Training medical students

To develop research capacity among future medical students, more needs to be done. In my opinion, conducting experiments prescribed by the Medical Council of India in biochemistry or physiology labs, or receiving introductory concepts of epidemiology and clinical trials in community medicine and pharmacology classes provide inadequate exposure to the respective subjects. Often considered a chore undertaken to pass examinations by students and teachers alike, the current practice does little to stimulate any interest in research. 

Instead, research training needs to be a formal, structured undertaking where every medical student takes a course, for at least six months, in different dimensions of medical research such as the wet lab, data science, and clinical research. Here she will be taught research methods and ethics, along with approaches to the critical appraisal of published research. Even if such students do not ever engage directly in research, they will benefit from such training because their profession mandates that they become discerning consumers of research literature. 

Students should be required to associate with research units in the parent colleges and collaborating institutions. They will be encouraged to conduct short-term research projects, and students with publications in peer-reviewed journals should receive priority in selection processes for postgraduate degrees. Furthermore, publications in peer-reviewed journals should be requirements for completion of postgraduate degrees. Through these interventions, one may expect to incentivise and support medical students to engage with research in a meaningful way. 

Creating a collaborative research milieu 

As medical colleges develop in-house research capacity, a key strategy to increase research output and quality is to encourage collaboration between medical colleges and established research institutes. For research to be competitive and acceptable on the world stage, projects will often need a level of methodological rigour that requires specialisation. Collaboration between experts from research institutes and clinicians in medical colleges can be a cost-effective way to answer clinically relevant questions with state-of-the-art methodology. (Blevins, Farmer, Edlund, Sullivan, & Kirchner, 2010) Such efforts should be encouraged by awarding funds to projects that have multidisciplinary teams involving both medical colleges and other research institutes, and well-laid out cooperative strategies. Indeed, research collaborations lead to innovations (Coresh & Platz, 2016) and have been strategically adopted to enhance national research output in countries like China (Science and Technology Commission of Shanghai Municipality, 2018).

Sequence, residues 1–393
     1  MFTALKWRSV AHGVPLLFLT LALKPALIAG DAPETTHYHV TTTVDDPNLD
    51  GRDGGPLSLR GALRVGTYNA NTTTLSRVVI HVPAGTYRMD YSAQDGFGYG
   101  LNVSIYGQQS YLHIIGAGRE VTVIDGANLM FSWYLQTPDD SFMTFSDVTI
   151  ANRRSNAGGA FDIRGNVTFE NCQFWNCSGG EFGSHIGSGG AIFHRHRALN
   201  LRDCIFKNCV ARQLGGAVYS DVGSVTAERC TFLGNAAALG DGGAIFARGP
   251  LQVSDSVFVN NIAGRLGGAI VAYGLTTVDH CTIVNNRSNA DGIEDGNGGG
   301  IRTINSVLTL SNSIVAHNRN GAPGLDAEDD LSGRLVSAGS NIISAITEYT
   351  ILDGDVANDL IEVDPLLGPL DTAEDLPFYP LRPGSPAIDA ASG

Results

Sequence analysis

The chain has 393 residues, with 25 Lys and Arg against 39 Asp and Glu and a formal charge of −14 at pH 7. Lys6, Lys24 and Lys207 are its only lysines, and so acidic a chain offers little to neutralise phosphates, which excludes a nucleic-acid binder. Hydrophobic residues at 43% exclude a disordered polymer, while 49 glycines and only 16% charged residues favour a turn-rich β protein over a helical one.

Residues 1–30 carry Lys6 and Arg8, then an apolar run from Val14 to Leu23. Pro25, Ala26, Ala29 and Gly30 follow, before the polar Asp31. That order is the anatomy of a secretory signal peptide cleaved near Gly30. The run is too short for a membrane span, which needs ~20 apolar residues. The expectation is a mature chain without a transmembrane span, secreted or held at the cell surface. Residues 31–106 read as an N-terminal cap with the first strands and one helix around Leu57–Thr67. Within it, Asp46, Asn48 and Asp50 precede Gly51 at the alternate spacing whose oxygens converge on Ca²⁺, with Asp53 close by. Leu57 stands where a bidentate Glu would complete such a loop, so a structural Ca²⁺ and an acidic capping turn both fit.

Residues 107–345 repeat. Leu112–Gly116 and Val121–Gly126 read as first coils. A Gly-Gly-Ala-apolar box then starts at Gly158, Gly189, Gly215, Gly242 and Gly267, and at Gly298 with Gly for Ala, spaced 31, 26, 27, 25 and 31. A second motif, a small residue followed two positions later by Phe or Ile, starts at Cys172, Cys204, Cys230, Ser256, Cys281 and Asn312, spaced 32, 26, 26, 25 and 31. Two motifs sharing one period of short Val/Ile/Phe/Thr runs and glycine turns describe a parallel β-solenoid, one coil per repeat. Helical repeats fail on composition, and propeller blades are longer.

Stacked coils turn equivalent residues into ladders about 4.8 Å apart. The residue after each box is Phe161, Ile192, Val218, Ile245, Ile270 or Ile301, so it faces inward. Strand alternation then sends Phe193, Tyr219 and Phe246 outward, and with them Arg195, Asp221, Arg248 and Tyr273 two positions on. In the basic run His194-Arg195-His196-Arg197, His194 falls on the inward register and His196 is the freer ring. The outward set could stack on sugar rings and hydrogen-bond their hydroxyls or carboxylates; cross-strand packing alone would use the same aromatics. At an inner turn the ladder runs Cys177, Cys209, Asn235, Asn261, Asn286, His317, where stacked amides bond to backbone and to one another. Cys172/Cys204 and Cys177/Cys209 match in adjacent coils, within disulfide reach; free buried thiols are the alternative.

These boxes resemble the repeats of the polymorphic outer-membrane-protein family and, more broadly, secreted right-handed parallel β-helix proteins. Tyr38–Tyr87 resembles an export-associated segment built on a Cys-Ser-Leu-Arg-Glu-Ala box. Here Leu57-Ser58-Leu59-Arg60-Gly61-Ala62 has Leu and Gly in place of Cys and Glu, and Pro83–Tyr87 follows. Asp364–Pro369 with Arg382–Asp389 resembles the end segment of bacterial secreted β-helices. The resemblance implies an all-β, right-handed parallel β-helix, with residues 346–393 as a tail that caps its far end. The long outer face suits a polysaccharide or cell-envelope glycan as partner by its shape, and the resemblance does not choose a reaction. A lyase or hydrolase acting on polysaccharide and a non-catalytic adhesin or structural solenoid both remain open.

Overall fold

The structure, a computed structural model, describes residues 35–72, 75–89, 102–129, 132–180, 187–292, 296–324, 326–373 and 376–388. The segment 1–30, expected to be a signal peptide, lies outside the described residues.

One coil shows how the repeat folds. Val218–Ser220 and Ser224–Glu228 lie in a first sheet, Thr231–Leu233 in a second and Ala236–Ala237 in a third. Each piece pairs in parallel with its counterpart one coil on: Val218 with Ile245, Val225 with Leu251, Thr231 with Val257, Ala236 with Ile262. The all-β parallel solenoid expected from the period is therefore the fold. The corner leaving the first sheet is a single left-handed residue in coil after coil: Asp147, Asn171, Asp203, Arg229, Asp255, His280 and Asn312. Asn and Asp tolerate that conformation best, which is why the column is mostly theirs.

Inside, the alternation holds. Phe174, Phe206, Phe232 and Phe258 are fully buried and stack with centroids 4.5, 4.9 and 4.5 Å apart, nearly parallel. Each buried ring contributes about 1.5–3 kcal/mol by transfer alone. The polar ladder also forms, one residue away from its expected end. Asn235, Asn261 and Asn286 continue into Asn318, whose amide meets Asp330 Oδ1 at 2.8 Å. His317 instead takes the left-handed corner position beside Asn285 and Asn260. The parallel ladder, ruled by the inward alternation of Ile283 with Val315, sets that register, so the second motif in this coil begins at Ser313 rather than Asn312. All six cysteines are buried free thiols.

The promise of increased funds is an important but insufficient step in ensuring that Indian medical colleges produce quality research. Policymakers need to put an equivalent amount of focus on the fact that what isn’t working is more than just a lack of monetary resources. It is the lack of a research culture, changing which will require creative and cost-effective strategies. This way India will not only be able to answer questions unique to its health system and practices but also enable its medical practitioners to become agents of social change.


Blevins, D., Farmer, M. S., Edlund, C., Sullivan, G., & Kirchner, J. E. (2010). Collaborative research between clinicians and researchers: A multiple case study of implementation. Implementation Science, 5(1), 76.

Choudhury, Supriyo, Pradhan, Richeej, Dubey, Lily, Barman, Lisa, Biswas, Tanmay, Das, Manisha, & Chatterjee, Suparna. (2016). Knowledge and perception regarding clinical trials among doctors of government medical colleges: A questionnaire-based study. Perspectives in Clinical Research, 7(2), 94–99.

Coresh, Joseph., & Platz, Elizabeth. (2016). The George W. Comstock Center for Public Health Research and Prevention: A Century of Collaboration, Innovation, and Translation. American Journal of Epidemiology, 183(5), 362–366.

Hunter, Phillip. (2013). Research funding is not enough. EMBO Reports, 14(2), 140–142.

Kuhrt, Matt. (2017). Clinician-driven innovation on the rise. Retrieved 23 September 2019

Ministry of Human Resource Development, Govt. of India. (2019). Draft of National Education Policy, 2019. Retrieved 23 September 2019

Ray, Samrat, Shah, Ishan, & Nundy, Samiran. (2016). The research output from Indian medical institutions between 2005 and 2014. Current Medicine Research and Practice, 6(2), 49–58.

Science and Technology Commission of Shanghai Municipality. (2018). Research collaboration drives innovation. Retrieved 23 September 2019

The World Bank. (2019). Maternal mortality ratio (modeled estimate, per 100,000 live births). Retrieved 23 September 2019

Tullu, Millind & Karande, S. (2016). Quality research in Indian medical colleges and teaching institutions: The need of the hour. Journal of Postgraduate Medicine, 62(4), 213–215.

UNData. (2014). Physicians density (per 1000 population). Retrieved 23 September 2019

United Nations Human Development Programme, & Human Development Reports. (2019). Under-five mortality rate (per 1,000 live births). Retrieved 23 September 2019

World Health Organization. (2017). BRICS Health and WHO: Country Presence Profile. Retrieved 23 September 2019